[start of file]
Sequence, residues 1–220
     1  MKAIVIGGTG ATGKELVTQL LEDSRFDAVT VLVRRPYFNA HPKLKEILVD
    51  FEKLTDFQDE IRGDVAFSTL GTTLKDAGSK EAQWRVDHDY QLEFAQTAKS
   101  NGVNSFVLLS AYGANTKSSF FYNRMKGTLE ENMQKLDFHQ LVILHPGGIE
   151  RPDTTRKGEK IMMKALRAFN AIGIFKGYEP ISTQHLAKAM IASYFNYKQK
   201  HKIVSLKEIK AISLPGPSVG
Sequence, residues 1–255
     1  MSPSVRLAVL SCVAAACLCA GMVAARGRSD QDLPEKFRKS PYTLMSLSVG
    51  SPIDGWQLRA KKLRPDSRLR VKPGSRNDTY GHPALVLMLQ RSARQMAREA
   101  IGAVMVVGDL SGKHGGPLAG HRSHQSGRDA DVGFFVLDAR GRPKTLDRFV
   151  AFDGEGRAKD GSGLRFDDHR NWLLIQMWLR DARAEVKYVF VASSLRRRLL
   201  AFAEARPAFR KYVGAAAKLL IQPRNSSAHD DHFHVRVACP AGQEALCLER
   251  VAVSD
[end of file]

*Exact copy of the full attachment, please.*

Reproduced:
Sequence, residues 1–220
     1  MKAIVIGGTG ATGKELVTQL LEDSRFDAVT VLVRRPYFNA HPKLKEILVD
    51  FEKLTDFQDE IRGDVAFSTL GTTLKDAGSK EAQWRVDHDY QLEFAQTAKS
   101  NGVNSFVLLS AYGANTKSSF FYNRMKGTLE ENMQKLDFHQ LVILHPGGIE
   151  RPDTTRKGEK IMMKALRAFN AIGIFKGYEP ISTQHLAKAM IASYFNYKQK
   201  HKIVSLKEIK AISLPGPSVG
Sequence, residues 1–255
     1  MSPSVRLAVL SCVAAACLCA GMVAARGRSD QDLPEKFRKS PYTLMSLSVG
    51  SPIDGWQLRA KKLRPDSRLR VKPGSRNDTY GHPALVLMLQ RSARQMAREA
   101  IGAVMVVGDL SGKHGGPLAG HRSHQSGRDA DVGFFVLDAR GRPKTLDRFV
   151  AFDGEGRAKD GSGLRFDDHR NWLLIQMWLR DARAEVKYVF VASSLRRRLL
   201  AFAEARPAFR KYVGAAAKLL IQPRNSSAHD DHFHVRVACP AGQEALCLER
   251  VAVSD